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Presentation on theme: "UNITED WE STAND NATIONAL FUND SITES & LOCAL UNITED WAYS."— Presentation transcript:


2 PRESENTATION AGENDA 1.Introductions and session overview 2.Case study #1 – Greenville 3.Case study #2 – Philadelphia 4.Springboards and Landmines 5.Discussion

3 INTRODUCTIONS & SESSION OVERVIEW Who are you? Where are you from? Tell us 1 reason why you’re attending this session. Session Objectives Facilitate deeper and more effective collaboration between National Fund sites and United Ways in order to sustain and scale successes. For sites that are not yet collaborating: provide concrete examples of collaboration and tangible steps for developing relationships. For sites that are working together: explore how to maximize the partnership, drive greater impacts, build on past successes and overcome stubborn obstacles

4 CASE STUDY #1: GREENVILLE REGION WORKFORCE COLLABORATIVE 2009/10 Researched model Piloted 2 cohorts of classes UWGC leading thought and leveraging resources, but not taking active role 2010 - 2012 Received NFWS grant Built out partners (WIB, technical college system, service providers, funders, employers) 2011 – UWGC becomes Fiscal Agent 2012 - 2014 Sector expansion System level changes Program growth Pivot towards regionalism Lessons for UWGC FromTo TransactionalRelational IsolationIntegration BarriersSolutions ComplianceImpact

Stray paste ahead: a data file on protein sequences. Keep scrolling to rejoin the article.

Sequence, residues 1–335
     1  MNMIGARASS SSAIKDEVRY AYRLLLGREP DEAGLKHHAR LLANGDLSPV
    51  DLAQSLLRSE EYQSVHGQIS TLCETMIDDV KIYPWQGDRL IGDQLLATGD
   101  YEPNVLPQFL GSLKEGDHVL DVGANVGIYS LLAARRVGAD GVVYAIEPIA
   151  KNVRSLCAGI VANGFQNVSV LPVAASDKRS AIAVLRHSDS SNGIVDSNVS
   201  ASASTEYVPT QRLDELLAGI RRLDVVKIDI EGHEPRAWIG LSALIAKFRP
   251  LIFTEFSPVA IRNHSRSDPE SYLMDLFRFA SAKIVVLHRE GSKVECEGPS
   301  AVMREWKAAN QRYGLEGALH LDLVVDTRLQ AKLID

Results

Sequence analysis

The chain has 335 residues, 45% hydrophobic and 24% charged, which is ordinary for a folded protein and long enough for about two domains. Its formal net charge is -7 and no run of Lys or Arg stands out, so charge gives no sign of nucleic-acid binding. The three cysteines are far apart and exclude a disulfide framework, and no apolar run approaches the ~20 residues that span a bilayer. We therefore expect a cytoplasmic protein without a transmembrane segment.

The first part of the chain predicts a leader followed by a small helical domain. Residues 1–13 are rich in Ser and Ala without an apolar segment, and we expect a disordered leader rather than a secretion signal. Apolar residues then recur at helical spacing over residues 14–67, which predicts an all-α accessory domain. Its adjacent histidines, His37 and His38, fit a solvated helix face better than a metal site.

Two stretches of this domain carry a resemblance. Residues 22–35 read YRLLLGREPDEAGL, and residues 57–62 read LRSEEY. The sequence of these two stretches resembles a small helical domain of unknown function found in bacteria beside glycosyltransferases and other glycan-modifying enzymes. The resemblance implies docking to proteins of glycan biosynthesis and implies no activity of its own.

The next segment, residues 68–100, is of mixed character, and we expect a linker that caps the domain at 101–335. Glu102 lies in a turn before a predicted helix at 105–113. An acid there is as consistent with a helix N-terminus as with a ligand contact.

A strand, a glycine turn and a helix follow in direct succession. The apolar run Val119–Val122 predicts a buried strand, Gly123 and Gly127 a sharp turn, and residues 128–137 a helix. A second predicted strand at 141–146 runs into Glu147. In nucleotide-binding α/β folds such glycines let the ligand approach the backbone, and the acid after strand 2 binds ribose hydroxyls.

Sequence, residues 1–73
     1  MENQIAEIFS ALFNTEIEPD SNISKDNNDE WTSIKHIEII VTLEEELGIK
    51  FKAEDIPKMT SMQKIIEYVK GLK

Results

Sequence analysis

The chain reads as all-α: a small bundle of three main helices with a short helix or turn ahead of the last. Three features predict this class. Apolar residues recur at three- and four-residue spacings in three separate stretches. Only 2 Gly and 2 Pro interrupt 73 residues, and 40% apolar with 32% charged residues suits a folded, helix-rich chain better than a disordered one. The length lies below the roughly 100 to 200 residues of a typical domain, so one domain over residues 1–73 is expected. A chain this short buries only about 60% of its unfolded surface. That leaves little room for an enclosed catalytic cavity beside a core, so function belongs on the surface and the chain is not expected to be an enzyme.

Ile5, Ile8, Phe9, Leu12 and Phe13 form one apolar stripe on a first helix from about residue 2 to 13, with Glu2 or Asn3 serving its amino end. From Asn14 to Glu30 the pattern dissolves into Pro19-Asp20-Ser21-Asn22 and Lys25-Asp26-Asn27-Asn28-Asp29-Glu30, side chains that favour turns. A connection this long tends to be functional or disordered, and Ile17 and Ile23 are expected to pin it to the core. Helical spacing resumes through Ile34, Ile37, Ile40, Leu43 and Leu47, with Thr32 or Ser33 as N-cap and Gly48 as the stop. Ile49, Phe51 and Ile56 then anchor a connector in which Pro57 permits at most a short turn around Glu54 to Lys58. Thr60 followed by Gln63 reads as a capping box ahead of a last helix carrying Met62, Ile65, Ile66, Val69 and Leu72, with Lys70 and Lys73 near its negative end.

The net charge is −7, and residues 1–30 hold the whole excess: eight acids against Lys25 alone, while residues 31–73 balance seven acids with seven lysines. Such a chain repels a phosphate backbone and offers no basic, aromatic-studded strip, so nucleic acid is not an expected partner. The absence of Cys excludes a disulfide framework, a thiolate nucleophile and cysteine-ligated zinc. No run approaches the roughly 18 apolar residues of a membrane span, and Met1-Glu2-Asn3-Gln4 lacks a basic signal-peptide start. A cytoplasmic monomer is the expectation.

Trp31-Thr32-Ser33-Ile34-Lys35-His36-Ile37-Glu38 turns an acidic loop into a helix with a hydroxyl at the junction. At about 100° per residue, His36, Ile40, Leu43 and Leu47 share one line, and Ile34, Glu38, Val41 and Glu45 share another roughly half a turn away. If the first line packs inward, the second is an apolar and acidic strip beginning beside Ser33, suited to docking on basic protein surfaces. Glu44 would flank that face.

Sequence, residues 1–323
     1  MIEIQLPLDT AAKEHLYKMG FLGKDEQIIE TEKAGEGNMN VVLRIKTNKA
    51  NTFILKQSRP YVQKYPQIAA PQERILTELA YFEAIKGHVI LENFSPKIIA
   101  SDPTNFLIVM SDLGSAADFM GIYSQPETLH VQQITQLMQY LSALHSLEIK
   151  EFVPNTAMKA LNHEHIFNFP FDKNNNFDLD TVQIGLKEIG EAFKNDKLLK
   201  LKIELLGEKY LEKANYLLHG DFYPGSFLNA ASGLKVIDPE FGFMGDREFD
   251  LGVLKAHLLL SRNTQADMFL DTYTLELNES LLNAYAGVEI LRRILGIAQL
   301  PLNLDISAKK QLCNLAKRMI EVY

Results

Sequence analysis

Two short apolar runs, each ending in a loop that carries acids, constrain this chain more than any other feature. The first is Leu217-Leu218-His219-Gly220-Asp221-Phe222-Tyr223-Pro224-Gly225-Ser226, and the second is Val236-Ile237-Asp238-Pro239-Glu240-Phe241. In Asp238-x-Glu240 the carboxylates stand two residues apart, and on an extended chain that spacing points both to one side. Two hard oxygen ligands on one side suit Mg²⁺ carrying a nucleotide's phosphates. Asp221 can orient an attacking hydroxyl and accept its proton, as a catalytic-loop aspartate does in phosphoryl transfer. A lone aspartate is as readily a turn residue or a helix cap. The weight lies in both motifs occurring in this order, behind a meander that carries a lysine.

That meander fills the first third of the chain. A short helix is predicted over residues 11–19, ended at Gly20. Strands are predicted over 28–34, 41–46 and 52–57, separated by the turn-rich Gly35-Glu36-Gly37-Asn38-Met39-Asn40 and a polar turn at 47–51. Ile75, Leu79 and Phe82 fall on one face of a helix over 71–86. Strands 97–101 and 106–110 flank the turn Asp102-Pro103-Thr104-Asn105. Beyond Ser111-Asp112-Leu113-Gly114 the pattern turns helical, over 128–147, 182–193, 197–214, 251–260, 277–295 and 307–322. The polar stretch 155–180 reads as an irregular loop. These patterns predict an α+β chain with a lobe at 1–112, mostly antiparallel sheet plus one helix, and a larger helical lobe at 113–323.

5 CASE STUDY #1: GREENVILLE REGION WORKFORCE COLLABORATIVE UWGC’s 5 Lesson/Action Points ConveneLeverageAdvocateIntegrateCommunicate

6 CASE STUDY #1: GREENVILLE REGION WORKFORCE COLLABORATIVE ActionWasIsOutcomes Convene provided site for Board meeting Prescriber leading thought, insulating and supporting activities of GRWC, responding to needs of GRWC Influencer more meaningful relationships, better/more efficient work, renewed energy Leverage No connection to campaign (not even a designation account) Transactional marketing Leadership-board champions Workplace Campaign alignment Proactive Marketing Greater integration of Resource Development/Marketing* Advocate Reactive, non-effective public policy Relational/human capital advocacy – city/county council, WIB, state officials greater influence as a workforce systems level leader in region/state* technical college system funding sector diversification Integrate GRWC and other investments separated IDA, VITA, front end service providers aligned to insulate and build parallel pipeline(s) scale Communicate UWGC staff member to GRWC ED multi-level communication chain a greater understanding of how this works and why we are doing it